I did a list of the best 10 records that came out in 2006 last year. This year I didn't listen to new music as much, or maybe not that many great new albums came out, in any case, it'll be only a Top 5:
5 - Vieux Farke Touré - Vieux Farka Touré
I loved his Dad's stuff (may he rest in peace) and I thought at first this was just a son cashing in on his father's talent, wile having none of his own (say Julian Lennon, what little I have heard of him). Not true. Granted he does sound a lot like Ali Farka Touré, but he simply does a good job himself and that Niafunké sound is just wonderful.
4 - Porter Wagoner - Wagonmaster
I didn't know anything of this guy until me and a friend from Kansas saw him on CMT in a motel in Nashville by accident. Considering the bullshit they play on that station usually I was struck by his voice, his age, his experience, his wisdom that he expressed through it. A reflective, quiet old man's album, wonderful. And the guy went to Hank William's first appearence in the Grand Ol' Opry for God's sake, so sad that all these old-timers are dying out.
3 - Steve Earle - Washington Square Serenade
Definitely one of the strongest singers still alive and kickin' today. His outlaw, hick music speaks to me in ways that I have a hard time explaining (considering I am a German (Berliner) city slicker). He moved to New York last year and his album is a less politicized affaire, more a personal narration of Greenwich Village. Not his best album (but then to be fair is it even possible to top Copperhead Road or Christmas in Washington?), but very enjoyable and I felt like it grows on you too.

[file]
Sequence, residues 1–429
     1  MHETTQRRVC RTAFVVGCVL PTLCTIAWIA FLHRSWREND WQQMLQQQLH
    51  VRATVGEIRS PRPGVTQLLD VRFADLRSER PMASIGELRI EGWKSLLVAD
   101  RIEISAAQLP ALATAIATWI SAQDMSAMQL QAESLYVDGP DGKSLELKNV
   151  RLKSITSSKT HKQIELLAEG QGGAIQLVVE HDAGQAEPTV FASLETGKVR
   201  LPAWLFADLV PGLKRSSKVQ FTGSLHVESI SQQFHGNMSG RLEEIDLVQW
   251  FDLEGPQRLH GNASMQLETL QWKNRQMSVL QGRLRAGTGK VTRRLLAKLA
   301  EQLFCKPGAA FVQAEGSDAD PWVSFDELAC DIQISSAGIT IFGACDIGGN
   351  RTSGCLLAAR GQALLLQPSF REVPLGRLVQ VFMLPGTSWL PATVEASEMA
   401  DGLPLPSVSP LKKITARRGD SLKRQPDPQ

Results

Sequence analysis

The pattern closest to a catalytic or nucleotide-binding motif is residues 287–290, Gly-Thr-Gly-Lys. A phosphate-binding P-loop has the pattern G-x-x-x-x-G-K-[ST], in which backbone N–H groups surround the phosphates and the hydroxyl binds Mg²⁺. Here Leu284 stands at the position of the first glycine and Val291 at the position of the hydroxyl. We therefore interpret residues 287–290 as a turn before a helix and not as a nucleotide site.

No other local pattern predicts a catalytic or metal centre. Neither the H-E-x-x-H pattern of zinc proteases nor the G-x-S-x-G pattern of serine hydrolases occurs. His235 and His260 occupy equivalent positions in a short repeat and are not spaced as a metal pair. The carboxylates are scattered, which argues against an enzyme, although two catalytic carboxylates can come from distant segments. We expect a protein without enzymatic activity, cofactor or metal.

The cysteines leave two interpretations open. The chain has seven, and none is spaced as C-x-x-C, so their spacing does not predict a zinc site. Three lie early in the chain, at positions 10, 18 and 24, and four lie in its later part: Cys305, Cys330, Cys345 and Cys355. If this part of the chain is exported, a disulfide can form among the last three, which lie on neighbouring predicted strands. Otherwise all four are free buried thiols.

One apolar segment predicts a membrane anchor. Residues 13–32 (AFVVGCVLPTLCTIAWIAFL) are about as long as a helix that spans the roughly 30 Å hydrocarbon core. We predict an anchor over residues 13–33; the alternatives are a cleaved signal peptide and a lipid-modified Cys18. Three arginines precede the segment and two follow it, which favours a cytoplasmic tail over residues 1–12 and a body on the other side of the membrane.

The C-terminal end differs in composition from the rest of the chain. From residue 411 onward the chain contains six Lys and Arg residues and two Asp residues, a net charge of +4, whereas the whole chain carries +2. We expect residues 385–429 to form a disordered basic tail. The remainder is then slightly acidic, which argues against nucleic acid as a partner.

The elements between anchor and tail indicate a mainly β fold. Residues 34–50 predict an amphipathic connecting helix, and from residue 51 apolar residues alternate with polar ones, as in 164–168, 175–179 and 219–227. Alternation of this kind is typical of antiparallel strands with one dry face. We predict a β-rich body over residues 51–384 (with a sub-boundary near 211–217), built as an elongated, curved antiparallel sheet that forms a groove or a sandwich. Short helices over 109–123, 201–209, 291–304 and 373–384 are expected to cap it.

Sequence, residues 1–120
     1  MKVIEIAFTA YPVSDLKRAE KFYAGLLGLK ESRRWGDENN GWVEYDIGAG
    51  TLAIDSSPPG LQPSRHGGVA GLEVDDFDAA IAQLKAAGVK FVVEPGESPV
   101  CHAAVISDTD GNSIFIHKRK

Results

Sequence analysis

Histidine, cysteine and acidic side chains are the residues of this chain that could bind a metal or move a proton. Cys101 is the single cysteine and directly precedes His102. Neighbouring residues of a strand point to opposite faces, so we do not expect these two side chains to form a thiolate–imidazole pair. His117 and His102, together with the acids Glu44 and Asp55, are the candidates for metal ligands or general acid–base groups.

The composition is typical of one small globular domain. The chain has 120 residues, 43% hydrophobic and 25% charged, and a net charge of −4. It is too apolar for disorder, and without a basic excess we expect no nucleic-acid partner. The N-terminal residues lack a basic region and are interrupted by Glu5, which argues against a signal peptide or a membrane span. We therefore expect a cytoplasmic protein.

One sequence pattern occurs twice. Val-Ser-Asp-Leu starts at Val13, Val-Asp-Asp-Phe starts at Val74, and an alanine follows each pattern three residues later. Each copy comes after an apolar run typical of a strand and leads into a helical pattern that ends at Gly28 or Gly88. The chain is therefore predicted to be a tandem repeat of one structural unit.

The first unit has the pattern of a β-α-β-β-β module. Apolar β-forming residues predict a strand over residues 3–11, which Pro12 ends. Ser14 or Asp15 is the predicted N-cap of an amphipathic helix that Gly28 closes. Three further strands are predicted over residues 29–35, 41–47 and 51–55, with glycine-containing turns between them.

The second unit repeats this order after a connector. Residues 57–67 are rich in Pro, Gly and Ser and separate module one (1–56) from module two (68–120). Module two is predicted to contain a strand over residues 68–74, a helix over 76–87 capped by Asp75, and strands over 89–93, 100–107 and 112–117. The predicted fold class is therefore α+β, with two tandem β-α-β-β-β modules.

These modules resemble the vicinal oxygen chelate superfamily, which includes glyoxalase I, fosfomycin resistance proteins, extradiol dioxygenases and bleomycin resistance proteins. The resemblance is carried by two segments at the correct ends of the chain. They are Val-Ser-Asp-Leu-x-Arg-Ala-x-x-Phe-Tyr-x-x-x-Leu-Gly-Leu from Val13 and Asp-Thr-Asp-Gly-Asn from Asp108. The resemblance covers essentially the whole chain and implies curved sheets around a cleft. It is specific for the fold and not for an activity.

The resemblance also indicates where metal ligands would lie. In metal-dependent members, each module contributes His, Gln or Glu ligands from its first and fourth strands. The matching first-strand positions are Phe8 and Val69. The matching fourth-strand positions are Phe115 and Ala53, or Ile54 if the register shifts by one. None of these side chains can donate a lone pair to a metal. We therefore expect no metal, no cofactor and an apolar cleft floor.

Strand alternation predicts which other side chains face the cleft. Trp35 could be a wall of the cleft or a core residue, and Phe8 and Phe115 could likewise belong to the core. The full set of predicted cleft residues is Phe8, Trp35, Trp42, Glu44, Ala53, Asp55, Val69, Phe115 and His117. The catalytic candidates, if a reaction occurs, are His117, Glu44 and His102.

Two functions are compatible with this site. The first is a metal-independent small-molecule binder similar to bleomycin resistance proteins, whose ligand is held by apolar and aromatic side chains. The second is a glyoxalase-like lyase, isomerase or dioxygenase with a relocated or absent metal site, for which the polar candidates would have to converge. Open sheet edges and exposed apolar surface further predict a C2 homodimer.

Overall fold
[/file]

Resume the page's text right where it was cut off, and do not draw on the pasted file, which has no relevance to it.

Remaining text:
2 - Dion - Son of Skip James
Ever heard of Dion & The Belmonts? A Teenager in Love? The Wanderer? Catchy 50s Doo Wop tunes? Rings a bell? Well, that guy has produced the best blues album of the year (granted I didn't listen to that many this year and this is the second year in a row this award goes to a white guy, not quite sure what that means). It seems to be a weird career path true, but this is actually his second blues album (Bronx in Blue in 2006 was the other one) and he is superb. He apparently got exposed to the blues on the folk circuit during the 60s, which explains the reference to Skip James with whom he played, and he definitely learned his lesson well. A great bluesified cover of Chuck Berry's Nadine for example.
1 - Levon Helm - Dirt Farmer
So, I flew home for Christmas and my Dad once I get there hands me this CD and says: 'Heard this one? Very good one. You need to check it out.' And I did, think I listened to it for the whole following week without becoming tired of his whiny voice. Did I mention that I love rural American music? No logical explanation, sorry. Helm whom I had never heard of (he was the drummer for the Band and sang some for them too, I did thus kind of know him already) covers ol'-timey music on this album. Great, great country-rock. One Steve Earle cover, The Mountain, that is simply a stunner. Wonderful album, you need to listen to it, trust me.
The poor old dirt farmer he's lost all his corn,
and now where's the money to pay off his loan?
Honorable mentions and albums that could be good but that I haven't listened to enough yet (in no particular order):
Guru - Jazzmatazz - Volume 4 - The Hip Hop Jazz Messenger - Back to the Future
Devin The Dude - Waitin' To Inhale
Prodigy - Return Of The Mac
Wu-Tang Clan - 8 Diagrams
Tiken Jah Fakoly - L'Africain
Ry Cooder - My Name is Buddy
John Fogerty - Revival
The Holmes Brothers - State of Grace
Pure Class Warfare, With Extra Contempt
1 day ago